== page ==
Looking At Genres On A Thematic Level – A Ramble

Although this is an article about making art, making comics and/or writing fiction, I’m going to have to start by spending a while talking about my experiences with listening to punk music. As usual, there’s a good reason for this that I hope becomes obvious later.

At the time of writing, I still seem to be going through a bit of a “1990s American punk music” phase. As I’ve probably mentioned before, this was the first “cool” genre of music I ever discovered and – although I’m more of a heavy metal fan these days – I still find myself returning to it every now and then.

This time round, I found myself discovering a new band or two, buying a few extra punk albums and listening to bands that I vaguely knew about in slightly more depth. This had some surprisingly mixed results (eg: I learnt that Green Day’s “Warning” is actually a good album [and so is “Insomniac” too], I discovered a band called “No Use For A Name” who I should have discovered years ago etc..). But, this slightly deeper look at one of my favourite genres of music completely changed my opinion of it.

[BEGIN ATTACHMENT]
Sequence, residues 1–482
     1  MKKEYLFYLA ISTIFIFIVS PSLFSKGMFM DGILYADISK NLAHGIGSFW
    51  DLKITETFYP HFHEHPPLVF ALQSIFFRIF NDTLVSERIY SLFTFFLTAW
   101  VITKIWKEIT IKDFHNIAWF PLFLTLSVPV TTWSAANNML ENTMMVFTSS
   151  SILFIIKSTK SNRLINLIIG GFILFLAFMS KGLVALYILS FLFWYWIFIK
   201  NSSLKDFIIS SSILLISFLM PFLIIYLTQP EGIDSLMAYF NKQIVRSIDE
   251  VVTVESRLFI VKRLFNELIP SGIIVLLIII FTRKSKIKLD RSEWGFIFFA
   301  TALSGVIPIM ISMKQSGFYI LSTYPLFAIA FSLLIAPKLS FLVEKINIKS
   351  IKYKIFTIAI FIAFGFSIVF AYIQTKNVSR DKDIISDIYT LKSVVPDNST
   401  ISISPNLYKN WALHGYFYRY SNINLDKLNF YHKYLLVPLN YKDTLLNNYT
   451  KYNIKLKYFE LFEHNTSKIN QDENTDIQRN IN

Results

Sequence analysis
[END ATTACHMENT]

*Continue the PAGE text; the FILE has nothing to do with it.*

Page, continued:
Since the very first punk band I ever discovered (sometime in the late 1990s) was The Offspring, I’d always thought that 90s American punk music was all about fun and rebellion. After gradually discovering a few other bands over the years, I still sort of thought the same sort of things about the genre – but I realised that it could also include things like lyrical complexity, gothic elements, shock value, political rebellion etc…

But, after listening repeatedly to several of Green Day’s classic albums and No Use For A Name’s amazing “Making Friends” album. I realised something about the genre that I’d never really thought about too much before. For all of it’s energy and passion, it’s often a genre about failure and misery. For a genre that I thought was all about cheerful nostalgia, intelligent thought and the kind of rebellious attitude that the world really needs these days, it’s actually surprisingly depressing if you actually read the lyrics.